Do you really own your community?
Once you understand the “who” and “why” that define your audience, the next step is to find the right places to connect with them.
Let’s talk tactics.
The next question should move you from strategic to tactical thinking. You’re still mapping out a strategic plan, but now you’re getting into the details of how exactly you will define and manage your community.
First thing’s first. Where will you host your community?
Creating a thriving community isn’t something you can achieve overnight – which makes choosing a powerful community platform even more important. While you’re selecting a platform to host your community, ensure that it’s flexible enough to meet your needs, that will scale with you, and your community’s goals.
A good choice of platform can attract new members to your community while a bad choice of platform can force existing members to leave the community.
Which brings us to the next question. How to choose the right platform? While choosing a community platform, always keep these six things in mind -
The platform which you choose should align with your community needs.
Do research on the benefits, features, and products offered by different platforms.
The platform must have some features to create, share, and manage engaging content for your community.
The platform should have features to provide group insights.
Check if the platform enhances collaborative experiences.
What kind of community platform does your brand need? Free or owned?
This exercise is all about bringing in the right technology to scale the process that we’ve discussed in our previous newsletter.
Social media platforms like Facebook and LinkedIn offer the advantages of a ready-made audience. People are already participating in these platforms. So you may find it easier to attract community members there, than to a site of your own. You’re meeting them where they want to assemble. Consider the downsides, however.
While most of the community managers host their “community” on social media, they can’t deny that sometimes it becomes really hard for them, especially if the goal is to create a community that brings people together to experience a sense of belonging. Since we are already here now, we thought it would be interesting to look at the reason behind it. For a better perspective, you know?
With limited reach, FB/LinkedIn prevents you from targeting all of the members of your own group. Moreover, it's not on your custom domain and hence gives you very limited or no branding at all. Even after putting in the efforts, the platform, members, and data are not really yours. With these constraints, building relationships among members can be hard.
And while it might become overwhelming at times to choose the right tool, the process can be made really easy instead. How?
Well, since you are well-aware of the expectations and what triggers your community members, select a community platform where the members can connect and perform the activities that you want as a brand. It could be anything from sharing ideas and helping each other to keeping the members updated and collecting feedback.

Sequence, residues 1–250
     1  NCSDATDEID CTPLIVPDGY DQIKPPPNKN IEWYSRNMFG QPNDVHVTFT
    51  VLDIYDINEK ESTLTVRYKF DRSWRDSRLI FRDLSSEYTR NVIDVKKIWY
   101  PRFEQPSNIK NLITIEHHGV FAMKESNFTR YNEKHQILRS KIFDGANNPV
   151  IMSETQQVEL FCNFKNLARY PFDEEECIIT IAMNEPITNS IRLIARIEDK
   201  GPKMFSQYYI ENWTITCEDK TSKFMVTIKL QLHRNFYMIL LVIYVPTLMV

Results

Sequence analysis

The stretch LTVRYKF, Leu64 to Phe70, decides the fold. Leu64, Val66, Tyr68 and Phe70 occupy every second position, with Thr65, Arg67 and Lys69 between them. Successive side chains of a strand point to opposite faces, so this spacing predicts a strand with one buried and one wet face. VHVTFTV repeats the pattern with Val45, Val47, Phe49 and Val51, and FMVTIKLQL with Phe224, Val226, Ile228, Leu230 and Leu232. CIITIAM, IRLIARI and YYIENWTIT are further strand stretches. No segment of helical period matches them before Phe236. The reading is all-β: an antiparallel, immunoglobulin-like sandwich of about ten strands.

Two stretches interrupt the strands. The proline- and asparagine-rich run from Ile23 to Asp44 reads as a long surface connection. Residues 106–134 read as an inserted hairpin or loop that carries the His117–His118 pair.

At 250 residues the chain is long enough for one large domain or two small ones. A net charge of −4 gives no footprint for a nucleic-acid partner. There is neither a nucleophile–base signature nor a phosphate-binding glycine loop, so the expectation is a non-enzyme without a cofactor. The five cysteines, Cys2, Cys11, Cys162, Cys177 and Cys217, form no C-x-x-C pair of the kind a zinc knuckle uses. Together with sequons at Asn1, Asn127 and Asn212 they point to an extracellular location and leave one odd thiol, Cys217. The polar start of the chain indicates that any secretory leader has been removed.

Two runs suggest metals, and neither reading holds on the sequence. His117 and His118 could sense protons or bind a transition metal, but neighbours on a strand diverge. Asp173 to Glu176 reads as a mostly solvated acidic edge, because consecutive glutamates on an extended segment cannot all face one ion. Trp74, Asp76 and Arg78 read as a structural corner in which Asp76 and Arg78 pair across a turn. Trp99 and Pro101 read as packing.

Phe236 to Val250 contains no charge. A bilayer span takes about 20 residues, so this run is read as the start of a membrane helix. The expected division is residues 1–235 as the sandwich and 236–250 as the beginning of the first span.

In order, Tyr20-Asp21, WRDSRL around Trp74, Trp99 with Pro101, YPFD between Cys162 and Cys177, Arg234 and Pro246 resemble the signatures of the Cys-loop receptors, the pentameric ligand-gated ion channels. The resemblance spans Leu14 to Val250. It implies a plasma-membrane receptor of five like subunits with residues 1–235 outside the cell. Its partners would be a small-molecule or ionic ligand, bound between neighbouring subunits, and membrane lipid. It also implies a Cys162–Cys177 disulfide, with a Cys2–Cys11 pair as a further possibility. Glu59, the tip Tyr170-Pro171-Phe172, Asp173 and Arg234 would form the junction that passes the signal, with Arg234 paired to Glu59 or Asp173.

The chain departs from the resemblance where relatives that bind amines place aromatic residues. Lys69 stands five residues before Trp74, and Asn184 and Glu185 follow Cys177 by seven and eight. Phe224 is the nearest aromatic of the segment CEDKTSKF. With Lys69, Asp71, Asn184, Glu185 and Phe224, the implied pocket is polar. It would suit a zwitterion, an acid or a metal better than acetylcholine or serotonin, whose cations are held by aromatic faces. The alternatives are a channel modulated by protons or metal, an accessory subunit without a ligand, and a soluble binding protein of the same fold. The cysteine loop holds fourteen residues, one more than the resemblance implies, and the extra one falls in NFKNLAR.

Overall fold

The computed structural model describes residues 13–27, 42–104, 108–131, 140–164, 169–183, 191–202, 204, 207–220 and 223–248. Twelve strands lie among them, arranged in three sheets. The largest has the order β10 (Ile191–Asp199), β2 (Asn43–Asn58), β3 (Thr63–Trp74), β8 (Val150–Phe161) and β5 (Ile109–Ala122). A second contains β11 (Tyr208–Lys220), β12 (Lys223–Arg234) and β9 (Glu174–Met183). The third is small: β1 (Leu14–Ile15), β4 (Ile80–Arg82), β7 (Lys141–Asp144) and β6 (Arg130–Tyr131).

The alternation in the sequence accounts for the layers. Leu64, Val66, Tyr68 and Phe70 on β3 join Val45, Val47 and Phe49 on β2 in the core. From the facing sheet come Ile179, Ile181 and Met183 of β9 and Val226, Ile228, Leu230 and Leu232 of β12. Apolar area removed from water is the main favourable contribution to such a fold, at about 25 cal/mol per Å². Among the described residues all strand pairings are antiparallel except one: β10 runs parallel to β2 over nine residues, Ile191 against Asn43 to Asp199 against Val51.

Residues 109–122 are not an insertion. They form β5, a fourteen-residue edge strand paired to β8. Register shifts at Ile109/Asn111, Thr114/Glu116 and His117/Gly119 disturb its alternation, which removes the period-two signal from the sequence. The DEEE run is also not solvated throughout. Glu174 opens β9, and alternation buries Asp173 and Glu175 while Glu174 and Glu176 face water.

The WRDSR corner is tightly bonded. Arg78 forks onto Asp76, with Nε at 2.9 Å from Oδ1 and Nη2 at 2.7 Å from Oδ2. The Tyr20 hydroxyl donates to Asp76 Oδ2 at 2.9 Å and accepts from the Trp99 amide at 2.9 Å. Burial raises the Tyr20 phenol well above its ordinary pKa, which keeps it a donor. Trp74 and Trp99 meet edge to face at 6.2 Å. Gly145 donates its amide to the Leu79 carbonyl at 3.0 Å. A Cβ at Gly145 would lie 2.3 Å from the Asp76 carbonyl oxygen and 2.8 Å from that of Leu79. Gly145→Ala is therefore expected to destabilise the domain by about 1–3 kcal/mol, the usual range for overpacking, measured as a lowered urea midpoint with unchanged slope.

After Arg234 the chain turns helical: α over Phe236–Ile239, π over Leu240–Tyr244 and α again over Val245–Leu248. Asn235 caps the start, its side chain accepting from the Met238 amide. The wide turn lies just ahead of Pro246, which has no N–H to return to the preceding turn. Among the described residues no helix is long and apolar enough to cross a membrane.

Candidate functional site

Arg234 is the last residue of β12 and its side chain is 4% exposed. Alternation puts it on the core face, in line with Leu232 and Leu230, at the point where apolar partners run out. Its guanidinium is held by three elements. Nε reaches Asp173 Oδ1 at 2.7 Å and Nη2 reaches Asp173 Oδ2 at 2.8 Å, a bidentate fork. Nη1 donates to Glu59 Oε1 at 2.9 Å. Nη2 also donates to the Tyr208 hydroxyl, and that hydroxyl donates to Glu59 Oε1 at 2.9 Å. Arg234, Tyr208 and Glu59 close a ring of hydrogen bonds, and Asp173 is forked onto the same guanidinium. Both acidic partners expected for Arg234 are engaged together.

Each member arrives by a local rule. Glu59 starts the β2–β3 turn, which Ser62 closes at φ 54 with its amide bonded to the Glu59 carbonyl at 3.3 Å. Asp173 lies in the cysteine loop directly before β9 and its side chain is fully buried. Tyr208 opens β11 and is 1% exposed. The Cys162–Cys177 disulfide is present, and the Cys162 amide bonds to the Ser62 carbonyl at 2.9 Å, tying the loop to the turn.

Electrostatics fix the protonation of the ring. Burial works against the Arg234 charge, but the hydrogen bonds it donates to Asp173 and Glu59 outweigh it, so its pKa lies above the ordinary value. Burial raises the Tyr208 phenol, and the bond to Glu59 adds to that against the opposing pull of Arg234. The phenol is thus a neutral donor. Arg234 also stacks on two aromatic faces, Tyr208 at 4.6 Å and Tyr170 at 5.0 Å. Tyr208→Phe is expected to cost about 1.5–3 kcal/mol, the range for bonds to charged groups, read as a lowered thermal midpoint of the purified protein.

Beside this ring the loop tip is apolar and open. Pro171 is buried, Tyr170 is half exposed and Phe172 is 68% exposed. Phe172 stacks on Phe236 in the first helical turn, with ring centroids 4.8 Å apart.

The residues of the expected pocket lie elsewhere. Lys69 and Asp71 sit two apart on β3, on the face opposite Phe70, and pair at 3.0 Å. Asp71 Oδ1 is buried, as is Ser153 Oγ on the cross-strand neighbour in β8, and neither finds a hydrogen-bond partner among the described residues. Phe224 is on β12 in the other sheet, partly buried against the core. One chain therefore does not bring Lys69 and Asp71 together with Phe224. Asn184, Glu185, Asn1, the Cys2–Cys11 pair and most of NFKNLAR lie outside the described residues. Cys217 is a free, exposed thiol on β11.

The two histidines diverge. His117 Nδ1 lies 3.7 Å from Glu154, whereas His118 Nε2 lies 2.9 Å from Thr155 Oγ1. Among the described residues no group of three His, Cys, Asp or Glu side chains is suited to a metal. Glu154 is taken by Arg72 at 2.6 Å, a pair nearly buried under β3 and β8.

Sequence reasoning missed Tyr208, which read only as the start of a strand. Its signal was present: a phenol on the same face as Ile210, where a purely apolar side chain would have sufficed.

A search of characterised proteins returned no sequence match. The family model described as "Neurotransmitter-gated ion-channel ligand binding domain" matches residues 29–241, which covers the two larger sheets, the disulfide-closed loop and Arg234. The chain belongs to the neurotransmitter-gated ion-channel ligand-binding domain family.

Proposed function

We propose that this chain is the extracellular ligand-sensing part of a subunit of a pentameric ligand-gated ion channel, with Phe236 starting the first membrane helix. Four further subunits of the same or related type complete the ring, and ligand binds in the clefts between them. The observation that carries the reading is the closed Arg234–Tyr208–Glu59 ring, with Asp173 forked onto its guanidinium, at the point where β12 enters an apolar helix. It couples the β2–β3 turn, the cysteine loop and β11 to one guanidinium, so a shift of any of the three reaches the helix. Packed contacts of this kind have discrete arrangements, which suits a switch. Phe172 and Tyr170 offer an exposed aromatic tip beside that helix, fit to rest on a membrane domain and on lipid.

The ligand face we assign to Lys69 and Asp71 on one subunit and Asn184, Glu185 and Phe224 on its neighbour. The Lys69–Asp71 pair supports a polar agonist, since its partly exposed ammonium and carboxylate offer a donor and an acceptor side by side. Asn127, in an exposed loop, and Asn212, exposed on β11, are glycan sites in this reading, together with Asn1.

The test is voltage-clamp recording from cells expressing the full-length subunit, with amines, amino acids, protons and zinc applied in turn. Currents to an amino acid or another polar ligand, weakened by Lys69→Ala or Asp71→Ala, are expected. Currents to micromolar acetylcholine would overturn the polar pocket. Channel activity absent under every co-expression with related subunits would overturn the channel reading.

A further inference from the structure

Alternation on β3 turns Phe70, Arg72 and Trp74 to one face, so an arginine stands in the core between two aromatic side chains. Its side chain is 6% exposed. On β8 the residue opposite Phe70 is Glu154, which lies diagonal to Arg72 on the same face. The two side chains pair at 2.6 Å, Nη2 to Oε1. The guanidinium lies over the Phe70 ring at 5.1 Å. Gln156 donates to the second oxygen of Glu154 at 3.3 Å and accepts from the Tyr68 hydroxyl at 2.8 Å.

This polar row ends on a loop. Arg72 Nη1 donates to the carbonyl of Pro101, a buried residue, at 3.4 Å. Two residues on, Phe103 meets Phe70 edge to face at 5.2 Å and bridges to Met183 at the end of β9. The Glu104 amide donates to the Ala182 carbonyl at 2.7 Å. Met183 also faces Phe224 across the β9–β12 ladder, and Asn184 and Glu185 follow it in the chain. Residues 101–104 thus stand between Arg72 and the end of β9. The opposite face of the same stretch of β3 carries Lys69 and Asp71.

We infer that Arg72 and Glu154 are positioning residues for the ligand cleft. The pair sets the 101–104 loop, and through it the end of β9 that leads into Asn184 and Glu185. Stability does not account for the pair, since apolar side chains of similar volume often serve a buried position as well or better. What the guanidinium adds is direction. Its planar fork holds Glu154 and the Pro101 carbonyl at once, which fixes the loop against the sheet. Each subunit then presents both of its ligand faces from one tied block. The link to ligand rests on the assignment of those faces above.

Glynk’s tip 💡
Technology definitely plays a crucial role when it comes to community building. Just think of the last time you had a problem with one of your appliances, and you visited an offline store to fix that problem.
There’s a more probability of you searching for a solution on the Internet which will ultimately land you in an online customer community, where other members just like you might be discussing the issue already and trying to help each other out. This itself reflects the power of technology where every two out of three customers are looking for online support.
And, starting up with a dedicated space for your online users can be a great thing for your business in 2020.
What does this mean for you, community professional?
A time to build and choose the right tool.
As a community builder, keep in mind the fundamental truth that people want what they cannot have. Understand the principles creating a sense of belonging, the longing for connection among members, the commitment curve, and the desire for exclusivity. And all of it begins with choosing the right platform for your community. You must find meaning in what you create, choose, and build. That is the community’s promise. That’s what community professionals are capable of creating in the world!
Don’t say it’s over...
I’d like to share with you all something amazing. I stumbled upon this podcast and TEDx talk yesterday and thought it’s worth sharing with you all.
“#25 From Customers to Community: How a niche brand built loyalty” by Retail Gets Real
“Building Community that Creates Exponential Impact” by Nadav Wilf, TEDx Talks
Are we missing anything important here? It’s a community-driven newsletter. So, if you have anything from your community-building experiences, do add your thoughts in the comment section and we will add it to our Newsletter. Or you can share it on Facebook, Twitter or LinkedIn!